DnD For Kids
I’m not talking about teens so much as the 5-10 year old range here, but you can totally play Dungeons and Dragons with your younger kids. We’ve started games in the last couple years with our boys who were both in elementary school at the time so the following are observations we’ve made during games with them. YMMV.
Reading level and Math
While adding dice scores is easy for most kids, the concepts of armor ratings and attack bonuses might not. When an attack calls for you to pause the game to sit down and tally up dice rolls with weapon proficiency or whatever else, you might lose the focus of younger players. Just as well, the details of things like spells and abilities might be lost on them if they can’t comprehend the text. This is also an excellent opportunity to teach counting higher numbers and focusing on reading paragraphs.
Content and Emotional Matruity
Not everything in DnD is age appropriate for 5-10 year olds, and that’s fine. Just don’t use it. Does your pre-made module call for big busted succubi or demon lords? Change it to something that won’t give your first graders nightmares. That’s the beauty of DnD, you can just swap out monsters or make up new ones and just use the stats from the ones in the monster manual. Let your kids fight a pizza monster that just happens to have the stats of a beholder. Maybe the room full of burning skeleton knights can be a room full of slime knights. It really depends on the maturity of your kids, if they get scared by stuff in kids movies you’ll want to modify the mobs.
This is probably the biggest hurdle you’ll run into playing games with your kids. Here’s what will happen, one kid will begin their turn by moving towards a spider mob. While that kid is busy rolling dice and reading through their abilities the other kids at the table will become restless and bored. This often results in them playing with dice, dropping them on the floor, drawing on their character sheets, not paying attention to the combat or being disruptive to the rest of the game. It’s not their fault, they’re just kids, but this is another reason to simplify both combat and character stats. Do you really need +1 modifiers to weapons? Do they have to roll half a dozen d6? Do they have to take penalties if they’re on rocky ground? Do you really need to roll for initiative? Not kidding, just pick for them, it will save time and make things run smoother.
So if your kids already play videogames they’ll be used to the concept of multiple lives, attempts, and resurrection. If they die they can just start over from the beginning of the room. In DnD your character can totally die and be dead forever. I don’t suggest giving them magic reviving items or do-overs, but go over the options of sneaking past monsters or solving puzzles to get through rooms as opposed to running into a room swords swinging. Guide them through it if you have to. Never get frustrated with kids if they run into trouble with a mob or get upset if a roll goes bad. You might have to hop out of the DM seat and assist them, it’s ok.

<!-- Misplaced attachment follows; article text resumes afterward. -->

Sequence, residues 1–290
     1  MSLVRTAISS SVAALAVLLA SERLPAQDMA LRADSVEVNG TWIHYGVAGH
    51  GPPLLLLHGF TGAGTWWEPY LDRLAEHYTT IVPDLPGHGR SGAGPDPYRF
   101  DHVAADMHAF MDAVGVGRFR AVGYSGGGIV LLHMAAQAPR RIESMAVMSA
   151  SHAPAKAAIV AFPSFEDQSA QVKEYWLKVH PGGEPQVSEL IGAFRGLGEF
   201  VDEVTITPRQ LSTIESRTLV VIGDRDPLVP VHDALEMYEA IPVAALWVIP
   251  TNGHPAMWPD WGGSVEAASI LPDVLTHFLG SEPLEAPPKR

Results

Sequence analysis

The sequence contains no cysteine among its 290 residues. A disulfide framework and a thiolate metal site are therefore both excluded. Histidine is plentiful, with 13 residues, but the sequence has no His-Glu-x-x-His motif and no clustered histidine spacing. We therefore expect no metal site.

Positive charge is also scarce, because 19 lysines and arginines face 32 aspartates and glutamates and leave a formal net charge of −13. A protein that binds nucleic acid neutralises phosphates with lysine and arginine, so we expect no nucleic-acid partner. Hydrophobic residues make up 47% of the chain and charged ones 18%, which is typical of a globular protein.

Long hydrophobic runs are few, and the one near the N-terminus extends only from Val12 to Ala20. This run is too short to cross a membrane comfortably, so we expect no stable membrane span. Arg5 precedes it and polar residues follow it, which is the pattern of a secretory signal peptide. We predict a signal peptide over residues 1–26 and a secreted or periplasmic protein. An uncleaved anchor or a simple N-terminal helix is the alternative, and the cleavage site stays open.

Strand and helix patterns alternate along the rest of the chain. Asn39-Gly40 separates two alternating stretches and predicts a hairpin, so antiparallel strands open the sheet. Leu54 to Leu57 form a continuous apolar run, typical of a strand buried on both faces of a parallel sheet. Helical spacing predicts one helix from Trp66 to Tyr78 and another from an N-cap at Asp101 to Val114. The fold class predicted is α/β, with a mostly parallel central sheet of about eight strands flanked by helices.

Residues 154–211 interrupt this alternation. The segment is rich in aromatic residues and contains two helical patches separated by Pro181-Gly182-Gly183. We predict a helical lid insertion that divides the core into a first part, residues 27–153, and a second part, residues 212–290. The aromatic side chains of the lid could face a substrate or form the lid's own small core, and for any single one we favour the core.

Roleplaying with kids
So even after you’ve come up with simplified options for classes, races, and alignments your kids might just go on with their own concepts for their characters, and that’s fine. Just be aware that sometimes the barbarian might want to try casting magic missiles or the paladin will rather search for treasure than help villagers being attacked by goblins. Just go with it, the whole point is to let them have fun. You can slowly increase the difficulty and implement the true rules as they get older and understand them better.
Terrain and Minis
Remember the part about attention span? Having something physical to show your kid where their character is on the map can be a huge help with combat and puzzle rooms. Take your kid to your local comic or game store and let them pick out a figure, paint it, name it, make it theirs. If that’s not an option, let them pick out a toy form their toy box, small action figures, amiibo’s, etc work just fine. Batman can fight kobolds just as easy as anyone else. Speaking of kids toys, get out the legos, the toy castles, etc for terrain. You don’t have to use your expensive custom painted multi-level tavern model for the kids.
Breaks and when to end the story
With adults and teens you can pause and get up from the table when your turn isn’t going on without much issue. Depending on how long your kids can keep up with a campaign you might not be able to get very far. Give them chances to get up and walk around, get a snack, go to the bathroom etc. This won’t be a 5 hour marathon like it is with your buddies from college, you might make it two hours total. MIGHT. Keep the combat short and important. Needless battles with seven layers of 1/1 creatures better be pushing that story hard. Let them fight the boss, start them off at lvl 5. Make it fun, don’t play DM mind games with them. Perhaps the whole campaign is just recovering an item from a cave. When they start to nod off or begin wandering away from the table to do something else, wrap it up and pick it up again the next weekend.